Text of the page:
Brooklyn Public Library
















 

Superheroics at your Local Library

Jan 20, 2011 5:23 PM | 0 comments

It’s been a big week for superhero fans.

 

Just last weekend a couple big movie studios released the first pictures from the new Spider-Man and Captain America movies, and they looked pretty darn good.

 

Then earlier this week, director Christopher Nolan announced that Bane and Selina Kyle be the new villains in The Dark Knight Rises, his follow-up to the hugely popular Batman film The Dark Knight.

 

I grew up on a steady diet of Batman and Captain America, but I know not everyone was into superheroes the way I was. So, if you want to start brushing up on who these characters are (and maybe even have extensive conversations about what the movies “got right” or “got wrong”), stop by your local library and pick up some of their most popular graphic novels today:

 

Underneath the mask, Spider-Man is just a normal teenager, worrying about the same things his readers did. The new Spider-Man movie is going to focus on how Peter Parker learns to balance being a typical high-school student and having an atypical nightlife--the same struggle he has in Ultimate Spider-Man.

 

Call it childhood nostalgia, but my favorite rendition of Captain America will probably always be the cartoon from the 1960's (I watched it in reruns as a kid and still love the theme song). But there have been plenty of different renditions of Cap over the years. If you're looking for a wide range of interpretations by some of the most talented people in comics, pick up the anthology Captain America: Red, White and Blue. Bruce Timm, Paul Dini and (my personal favorite) Alex Ross all contributed.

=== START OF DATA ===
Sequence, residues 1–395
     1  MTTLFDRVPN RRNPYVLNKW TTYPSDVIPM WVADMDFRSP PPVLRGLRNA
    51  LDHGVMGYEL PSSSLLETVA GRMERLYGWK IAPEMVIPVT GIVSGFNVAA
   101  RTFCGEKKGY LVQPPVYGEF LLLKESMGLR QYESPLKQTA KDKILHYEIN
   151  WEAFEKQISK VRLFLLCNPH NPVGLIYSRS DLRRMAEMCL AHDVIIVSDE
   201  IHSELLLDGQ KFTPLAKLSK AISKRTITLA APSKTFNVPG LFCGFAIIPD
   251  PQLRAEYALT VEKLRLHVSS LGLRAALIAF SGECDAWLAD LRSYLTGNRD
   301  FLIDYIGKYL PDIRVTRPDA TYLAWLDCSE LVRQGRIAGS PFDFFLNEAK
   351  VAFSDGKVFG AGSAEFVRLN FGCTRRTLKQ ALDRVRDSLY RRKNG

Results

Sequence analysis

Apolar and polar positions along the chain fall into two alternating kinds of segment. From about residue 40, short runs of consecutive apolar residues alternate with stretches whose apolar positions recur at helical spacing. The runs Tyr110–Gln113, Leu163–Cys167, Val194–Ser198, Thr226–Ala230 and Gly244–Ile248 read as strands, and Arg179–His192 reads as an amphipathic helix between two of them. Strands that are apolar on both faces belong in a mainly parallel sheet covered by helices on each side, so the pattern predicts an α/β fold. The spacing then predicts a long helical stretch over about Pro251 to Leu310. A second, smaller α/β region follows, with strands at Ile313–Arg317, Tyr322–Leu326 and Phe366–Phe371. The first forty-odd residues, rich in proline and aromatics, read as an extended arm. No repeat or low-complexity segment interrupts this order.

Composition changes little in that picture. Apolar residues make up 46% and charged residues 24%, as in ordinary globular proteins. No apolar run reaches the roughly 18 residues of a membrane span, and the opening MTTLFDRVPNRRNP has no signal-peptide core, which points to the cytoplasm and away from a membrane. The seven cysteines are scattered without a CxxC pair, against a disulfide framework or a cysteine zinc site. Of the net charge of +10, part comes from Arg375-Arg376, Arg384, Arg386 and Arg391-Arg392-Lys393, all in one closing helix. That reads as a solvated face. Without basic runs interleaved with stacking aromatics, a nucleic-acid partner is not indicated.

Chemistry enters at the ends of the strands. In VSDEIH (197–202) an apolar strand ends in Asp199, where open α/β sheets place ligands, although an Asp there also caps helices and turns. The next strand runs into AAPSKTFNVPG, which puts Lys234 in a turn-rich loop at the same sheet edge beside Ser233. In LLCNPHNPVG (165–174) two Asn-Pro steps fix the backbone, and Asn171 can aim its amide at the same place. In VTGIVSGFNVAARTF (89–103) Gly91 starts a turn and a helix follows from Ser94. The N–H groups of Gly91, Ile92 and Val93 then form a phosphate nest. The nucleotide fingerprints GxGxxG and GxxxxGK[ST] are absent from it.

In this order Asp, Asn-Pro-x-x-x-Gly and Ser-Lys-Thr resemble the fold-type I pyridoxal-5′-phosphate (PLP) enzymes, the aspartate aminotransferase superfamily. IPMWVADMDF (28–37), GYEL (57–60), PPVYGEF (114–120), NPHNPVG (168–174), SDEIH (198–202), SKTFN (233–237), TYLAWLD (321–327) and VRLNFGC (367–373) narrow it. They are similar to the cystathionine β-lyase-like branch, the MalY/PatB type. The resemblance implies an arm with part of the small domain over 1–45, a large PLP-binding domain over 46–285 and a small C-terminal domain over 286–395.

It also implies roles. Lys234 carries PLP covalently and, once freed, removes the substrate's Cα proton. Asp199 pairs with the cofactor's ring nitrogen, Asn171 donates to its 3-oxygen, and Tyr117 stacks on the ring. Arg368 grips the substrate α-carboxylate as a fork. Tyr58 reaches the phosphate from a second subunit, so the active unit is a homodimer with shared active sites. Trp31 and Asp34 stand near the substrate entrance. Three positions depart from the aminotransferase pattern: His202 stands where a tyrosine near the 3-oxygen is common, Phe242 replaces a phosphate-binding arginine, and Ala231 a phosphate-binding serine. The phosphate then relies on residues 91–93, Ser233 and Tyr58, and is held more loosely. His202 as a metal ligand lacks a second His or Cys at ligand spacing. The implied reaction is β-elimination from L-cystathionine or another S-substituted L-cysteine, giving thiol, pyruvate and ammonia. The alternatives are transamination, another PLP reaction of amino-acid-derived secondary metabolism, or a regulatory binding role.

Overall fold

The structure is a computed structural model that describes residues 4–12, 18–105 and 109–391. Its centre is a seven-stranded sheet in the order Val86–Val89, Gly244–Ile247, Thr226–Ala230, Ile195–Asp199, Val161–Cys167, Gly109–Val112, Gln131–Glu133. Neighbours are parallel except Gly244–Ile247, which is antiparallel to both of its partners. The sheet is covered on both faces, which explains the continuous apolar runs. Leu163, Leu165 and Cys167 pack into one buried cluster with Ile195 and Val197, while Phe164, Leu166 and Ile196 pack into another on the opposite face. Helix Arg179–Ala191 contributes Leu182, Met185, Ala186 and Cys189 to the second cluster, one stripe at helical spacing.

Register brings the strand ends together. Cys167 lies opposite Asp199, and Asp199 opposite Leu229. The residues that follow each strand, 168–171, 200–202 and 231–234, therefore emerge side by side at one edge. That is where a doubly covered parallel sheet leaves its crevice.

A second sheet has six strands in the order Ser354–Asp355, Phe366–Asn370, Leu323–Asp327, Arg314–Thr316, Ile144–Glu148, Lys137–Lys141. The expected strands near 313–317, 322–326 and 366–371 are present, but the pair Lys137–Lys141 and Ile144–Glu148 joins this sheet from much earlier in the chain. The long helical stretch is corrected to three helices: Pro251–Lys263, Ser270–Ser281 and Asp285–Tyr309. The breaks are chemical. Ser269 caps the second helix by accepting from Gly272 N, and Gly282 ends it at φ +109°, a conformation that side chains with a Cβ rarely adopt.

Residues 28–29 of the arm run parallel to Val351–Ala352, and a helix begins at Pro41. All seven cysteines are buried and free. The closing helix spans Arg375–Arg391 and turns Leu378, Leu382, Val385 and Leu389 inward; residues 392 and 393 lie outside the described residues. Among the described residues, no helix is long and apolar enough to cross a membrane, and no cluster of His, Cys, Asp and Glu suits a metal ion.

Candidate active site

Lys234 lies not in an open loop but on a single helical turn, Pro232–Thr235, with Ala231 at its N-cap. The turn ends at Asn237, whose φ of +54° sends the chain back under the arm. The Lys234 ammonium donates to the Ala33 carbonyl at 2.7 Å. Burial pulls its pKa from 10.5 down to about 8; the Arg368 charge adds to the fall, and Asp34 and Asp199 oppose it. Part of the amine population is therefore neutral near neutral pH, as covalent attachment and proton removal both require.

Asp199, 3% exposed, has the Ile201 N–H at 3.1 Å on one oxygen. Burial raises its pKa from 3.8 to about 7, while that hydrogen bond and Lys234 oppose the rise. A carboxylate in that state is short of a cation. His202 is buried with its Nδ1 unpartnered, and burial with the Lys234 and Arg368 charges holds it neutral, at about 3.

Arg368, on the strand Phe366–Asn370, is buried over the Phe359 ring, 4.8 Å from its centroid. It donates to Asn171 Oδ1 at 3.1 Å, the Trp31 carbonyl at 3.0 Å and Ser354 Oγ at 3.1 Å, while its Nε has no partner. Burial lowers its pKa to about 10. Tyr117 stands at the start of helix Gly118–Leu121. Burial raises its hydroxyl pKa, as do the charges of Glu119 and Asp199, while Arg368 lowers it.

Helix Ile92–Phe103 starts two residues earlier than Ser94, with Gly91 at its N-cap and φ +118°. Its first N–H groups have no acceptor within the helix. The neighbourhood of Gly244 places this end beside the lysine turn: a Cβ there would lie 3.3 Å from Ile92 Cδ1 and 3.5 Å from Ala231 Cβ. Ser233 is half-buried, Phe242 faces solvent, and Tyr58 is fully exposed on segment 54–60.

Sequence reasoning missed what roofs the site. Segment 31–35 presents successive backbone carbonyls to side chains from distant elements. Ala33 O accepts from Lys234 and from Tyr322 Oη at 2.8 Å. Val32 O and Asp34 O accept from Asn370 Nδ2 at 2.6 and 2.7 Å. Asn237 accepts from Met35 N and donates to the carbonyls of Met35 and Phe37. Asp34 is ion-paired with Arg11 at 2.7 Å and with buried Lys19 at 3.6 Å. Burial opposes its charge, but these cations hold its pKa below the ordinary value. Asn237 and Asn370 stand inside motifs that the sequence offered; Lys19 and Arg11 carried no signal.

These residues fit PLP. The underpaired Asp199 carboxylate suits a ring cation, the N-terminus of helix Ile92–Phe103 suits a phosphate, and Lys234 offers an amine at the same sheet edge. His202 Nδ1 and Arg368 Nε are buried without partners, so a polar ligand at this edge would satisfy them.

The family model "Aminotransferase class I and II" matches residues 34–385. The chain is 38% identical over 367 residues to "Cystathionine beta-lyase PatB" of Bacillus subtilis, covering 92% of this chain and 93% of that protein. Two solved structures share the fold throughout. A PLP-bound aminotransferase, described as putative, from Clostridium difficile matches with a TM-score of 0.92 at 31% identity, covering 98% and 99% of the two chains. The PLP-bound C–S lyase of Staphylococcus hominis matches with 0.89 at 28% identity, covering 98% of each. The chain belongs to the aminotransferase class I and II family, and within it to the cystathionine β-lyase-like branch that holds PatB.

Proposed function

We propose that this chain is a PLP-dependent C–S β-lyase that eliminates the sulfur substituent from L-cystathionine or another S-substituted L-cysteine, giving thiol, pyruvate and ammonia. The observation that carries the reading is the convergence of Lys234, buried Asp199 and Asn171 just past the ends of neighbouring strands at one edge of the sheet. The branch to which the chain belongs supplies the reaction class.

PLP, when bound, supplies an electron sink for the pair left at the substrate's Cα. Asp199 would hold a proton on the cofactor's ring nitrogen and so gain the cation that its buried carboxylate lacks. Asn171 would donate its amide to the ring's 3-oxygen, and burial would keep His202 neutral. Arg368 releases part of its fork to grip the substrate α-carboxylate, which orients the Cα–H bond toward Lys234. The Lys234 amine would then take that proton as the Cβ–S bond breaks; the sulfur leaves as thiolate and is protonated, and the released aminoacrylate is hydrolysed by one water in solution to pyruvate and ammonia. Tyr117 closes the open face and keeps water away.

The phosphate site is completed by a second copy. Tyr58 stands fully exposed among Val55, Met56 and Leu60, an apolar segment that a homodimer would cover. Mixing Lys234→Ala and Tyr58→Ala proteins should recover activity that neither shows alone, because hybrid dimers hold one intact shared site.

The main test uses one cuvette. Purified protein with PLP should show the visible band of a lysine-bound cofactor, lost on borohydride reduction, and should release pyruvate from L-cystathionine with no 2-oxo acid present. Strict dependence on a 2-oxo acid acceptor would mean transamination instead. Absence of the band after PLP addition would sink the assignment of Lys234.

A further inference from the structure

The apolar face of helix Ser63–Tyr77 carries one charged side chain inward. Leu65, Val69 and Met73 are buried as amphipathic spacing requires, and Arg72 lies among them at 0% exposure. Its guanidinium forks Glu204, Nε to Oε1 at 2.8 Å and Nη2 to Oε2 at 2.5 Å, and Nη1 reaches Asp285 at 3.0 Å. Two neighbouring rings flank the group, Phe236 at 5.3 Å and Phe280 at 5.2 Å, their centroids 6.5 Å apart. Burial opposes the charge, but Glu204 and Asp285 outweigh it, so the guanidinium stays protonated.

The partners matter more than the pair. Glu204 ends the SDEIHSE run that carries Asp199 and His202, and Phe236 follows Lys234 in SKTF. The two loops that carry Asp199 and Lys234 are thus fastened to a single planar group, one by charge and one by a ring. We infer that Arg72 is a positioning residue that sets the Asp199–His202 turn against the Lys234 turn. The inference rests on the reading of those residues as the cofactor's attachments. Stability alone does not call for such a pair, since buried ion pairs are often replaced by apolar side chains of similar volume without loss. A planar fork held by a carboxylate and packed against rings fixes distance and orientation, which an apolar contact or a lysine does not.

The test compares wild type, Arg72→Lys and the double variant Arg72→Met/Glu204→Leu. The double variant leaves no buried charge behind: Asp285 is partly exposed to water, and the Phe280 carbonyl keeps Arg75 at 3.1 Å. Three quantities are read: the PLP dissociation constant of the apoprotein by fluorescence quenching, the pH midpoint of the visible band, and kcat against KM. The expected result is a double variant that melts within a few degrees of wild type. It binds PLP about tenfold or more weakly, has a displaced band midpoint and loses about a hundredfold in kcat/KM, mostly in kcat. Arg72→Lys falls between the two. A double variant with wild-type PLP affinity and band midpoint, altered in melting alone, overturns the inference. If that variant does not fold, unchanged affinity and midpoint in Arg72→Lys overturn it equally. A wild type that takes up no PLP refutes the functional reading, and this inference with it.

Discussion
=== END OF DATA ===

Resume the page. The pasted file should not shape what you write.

To most people, Bane isn't as familiar or iconic a Batman villain as Scarecrow, the Joker or Two-Face, but fans of the comics know that he's one of the most imposing foes in Batman's rogues gallery. Upon his introduction to the series, the cold, intelligent crime lord figured out Batman's secret identity, walked up to Bruce Wayne's front door and broke the Dark Knight's back over his knee. Batman: Knightfall chronicles the whole story.

  

Next to the Joker, Selina Kyle is probably Batman's most well-known and often-adapted villain. Comic writers, film directors and TV producers all love putting their own spin on the character. My favorite Batman story is Frank Miller'Batman: Year One, which shows how Batman's first year of crimefighting inspired Selina Kyle to become Catwoman.

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